How Meth Affects the Brain and Dangerous Side Effects

Meth is a drug that has been commonly cited as a primary drug of use by clients at our rehab for the last 20 years or so. Men and women have abused prescription amphetamines for many years, but the emergence of crystal meth in the 90’s really skyrocketed the drug’s availability and abuse.

Methamphetamine’s active ingredient is  “desoxyephedrine,” and it is commonly referred to on the streets as

  • Crystal meth
  • Crank
  • Meth
  • Ice
  • Glass

Meth is a psycho-stimulant of the phenethylamine and amphetamine class of psychoactive drugs.

Into the Blood, Straight to the Brain

A psychoactive drug is a chemical substance that crosses the blood-brain barrier and primarily effects the central nervous system, altering the functions of the brain which result in a change in mood, perception, behavior, thought processes and understanding. Used primarily as a recreational “high,” Methamphetamine Hydrochloride has been marketed as a therapeutic prescription drug for years by the name Desoxyn from Abbot Laboratories in North Chicago, Illinois to treat people with attention deficit disorder(ADD), Hyperactivity and for the treatment of certain types of obesity.

A form of psychosis close to Schizophrenia is the end of the road for 20% of long term meth users, even after stopping methamphetamine use.

Although people may think prescription drugs are safe because their trusted medical care provider suggests them, almost all prescription drugs have side effects. People with even mild cases of hypertension should be careful when using Desoxyn for instance. Parents should also be advised that the long term effects of Desoxyn use on children has not yet been established. A number of adverse symptoms have been associated with the use of this drug, including cardiovascular, central nervous system as well as gastrointestinal reactions. The suppression of growth with the use of long term stimulants on children has been reported as well.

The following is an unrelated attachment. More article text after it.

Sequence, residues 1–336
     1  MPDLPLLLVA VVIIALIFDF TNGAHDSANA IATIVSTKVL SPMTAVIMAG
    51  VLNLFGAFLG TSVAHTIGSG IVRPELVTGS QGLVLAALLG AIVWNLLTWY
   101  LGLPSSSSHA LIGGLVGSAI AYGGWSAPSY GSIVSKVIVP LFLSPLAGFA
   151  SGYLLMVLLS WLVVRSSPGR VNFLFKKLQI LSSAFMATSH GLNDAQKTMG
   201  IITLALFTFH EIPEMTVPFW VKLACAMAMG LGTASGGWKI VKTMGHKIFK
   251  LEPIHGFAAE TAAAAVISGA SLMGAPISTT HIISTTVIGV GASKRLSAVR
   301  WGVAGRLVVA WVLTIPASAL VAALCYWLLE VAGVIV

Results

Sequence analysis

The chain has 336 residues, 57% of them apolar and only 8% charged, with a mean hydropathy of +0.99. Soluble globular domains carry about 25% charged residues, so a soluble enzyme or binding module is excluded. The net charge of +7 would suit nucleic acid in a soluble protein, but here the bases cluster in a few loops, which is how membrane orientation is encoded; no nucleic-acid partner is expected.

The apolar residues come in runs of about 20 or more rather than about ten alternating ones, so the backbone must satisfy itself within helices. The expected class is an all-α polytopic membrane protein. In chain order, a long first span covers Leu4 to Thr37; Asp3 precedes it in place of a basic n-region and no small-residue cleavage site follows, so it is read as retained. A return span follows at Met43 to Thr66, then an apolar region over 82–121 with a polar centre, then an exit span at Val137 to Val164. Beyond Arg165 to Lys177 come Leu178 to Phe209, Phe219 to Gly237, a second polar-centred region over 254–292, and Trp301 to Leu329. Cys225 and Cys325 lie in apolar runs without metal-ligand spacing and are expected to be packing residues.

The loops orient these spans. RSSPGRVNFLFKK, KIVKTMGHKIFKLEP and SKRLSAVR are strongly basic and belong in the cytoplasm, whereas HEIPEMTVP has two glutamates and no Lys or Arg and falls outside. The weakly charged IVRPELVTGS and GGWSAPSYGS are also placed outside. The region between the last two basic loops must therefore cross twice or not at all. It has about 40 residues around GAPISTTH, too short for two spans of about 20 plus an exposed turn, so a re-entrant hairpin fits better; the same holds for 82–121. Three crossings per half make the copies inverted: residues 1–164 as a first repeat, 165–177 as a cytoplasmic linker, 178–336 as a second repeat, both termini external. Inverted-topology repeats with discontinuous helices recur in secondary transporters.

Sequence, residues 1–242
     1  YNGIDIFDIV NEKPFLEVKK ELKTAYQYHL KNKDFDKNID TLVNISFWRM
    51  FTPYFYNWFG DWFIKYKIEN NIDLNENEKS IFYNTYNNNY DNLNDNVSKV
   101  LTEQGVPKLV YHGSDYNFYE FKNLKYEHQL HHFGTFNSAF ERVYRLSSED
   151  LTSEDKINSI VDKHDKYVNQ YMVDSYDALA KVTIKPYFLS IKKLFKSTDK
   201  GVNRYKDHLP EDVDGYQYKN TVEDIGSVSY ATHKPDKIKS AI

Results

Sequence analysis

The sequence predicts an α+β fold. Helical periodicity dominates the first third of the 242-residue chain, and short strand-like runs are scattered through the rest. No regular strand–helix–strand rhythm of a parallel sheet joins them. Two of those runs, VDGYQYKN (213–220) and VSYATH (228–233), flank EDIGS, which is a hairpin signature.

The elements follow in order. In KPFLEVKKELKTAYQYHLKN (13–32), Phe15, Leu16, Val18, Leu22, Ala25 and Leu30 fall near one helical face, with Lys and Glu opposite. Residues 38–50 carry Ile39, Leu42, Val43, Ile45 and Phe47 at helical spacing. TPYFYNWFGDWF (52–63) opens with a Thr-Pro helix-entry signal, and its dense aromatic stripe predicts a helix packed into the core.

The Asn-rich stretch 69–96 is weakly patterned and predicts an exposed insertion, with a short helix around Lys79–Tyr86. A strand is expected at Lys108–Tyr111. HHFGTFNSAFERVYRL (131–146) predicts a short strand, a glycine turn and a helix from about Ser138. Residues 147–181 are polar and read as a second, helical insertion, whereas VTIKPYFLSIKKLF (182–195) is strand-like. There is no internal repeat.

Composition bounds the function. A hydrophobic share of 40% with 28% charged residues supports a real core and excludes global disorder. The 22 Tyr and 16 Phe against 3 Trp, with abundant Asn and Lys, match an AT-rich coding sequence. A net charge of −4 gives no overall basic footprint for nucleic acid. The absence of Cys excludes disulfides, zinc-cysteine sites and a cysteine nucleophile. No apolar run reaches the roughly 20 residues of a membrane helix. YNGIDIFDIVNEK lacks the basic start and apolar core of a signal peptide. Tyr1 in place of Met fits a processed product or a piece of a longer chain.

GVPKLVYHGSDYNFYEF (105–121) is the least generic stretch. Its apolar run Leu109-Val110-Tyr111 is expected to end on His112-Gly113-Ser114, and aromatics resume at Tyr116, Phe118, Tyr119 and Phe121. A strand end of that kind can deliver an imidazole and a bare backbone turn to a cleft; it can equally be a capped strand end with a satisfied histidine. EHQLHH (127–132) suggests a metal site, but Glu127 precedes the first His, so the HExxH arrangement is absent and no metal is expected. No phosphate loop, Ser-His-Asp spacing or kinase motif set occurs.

The Effects of Meth Use

Psychoactive substances, even in the form of prescription drugs, bring about euphoric feelings in the brain and body that become addictive to the user, and are all too often abused despite the risk of side effects on the bottle’s label. Support groups and expensive drug rehabilitation programs are often the only road to well being for someone who was prescribed a medicine they thought was safe which turned out to be life threateningly debilitating.

Long term methamphetamine use is associated with:

  • Depression and Suicide
  • Heart disease
  • Psychosis
  • Anxiety
  • Sleep disorders
  • An increased risk of Parkinson’s disease

Treating Meth Addiction

Methamphetamine addiction is one of the hardest to treat. The spike in dopamine pleasure is so intense under the influence of meth that the user will seemingly “never enjoy life again” because without the drug they have become “pleasure deaf.” There are drugs to diminish the cravings, but with little success. Ibogaine has been used outside of the United States, in Mexico and Canada and progressive treatment centers with some positive results. But, in the United States, Ibogaine is a class IV drug and not permitted to be used in scientific or therapeutic environments, even though it was legal, and testings on Ibogaine were carried out in the 50’s for alcohol and cocaine addiction treatment.    Our treatment center for meth addiction in Riverside helps men by detoxing the body of meth and then keeping the user occupied doing positive activities to that he may learn to enjoy life without the drug. Unfortunately this process takes a while and the user can feel hopeless for a long time.

Because of the risk of addiction, do you think it’s responsible for a doctor to prescribe Desoxyn to a child who is 8 years old with ADHD, even if the child is two years over the legal limit for the medicine, which happens to be six years of age? This may seem like ethical grey territory to some, and to others downright child abuse in the name of pharmaceutical corporate profit and greed.

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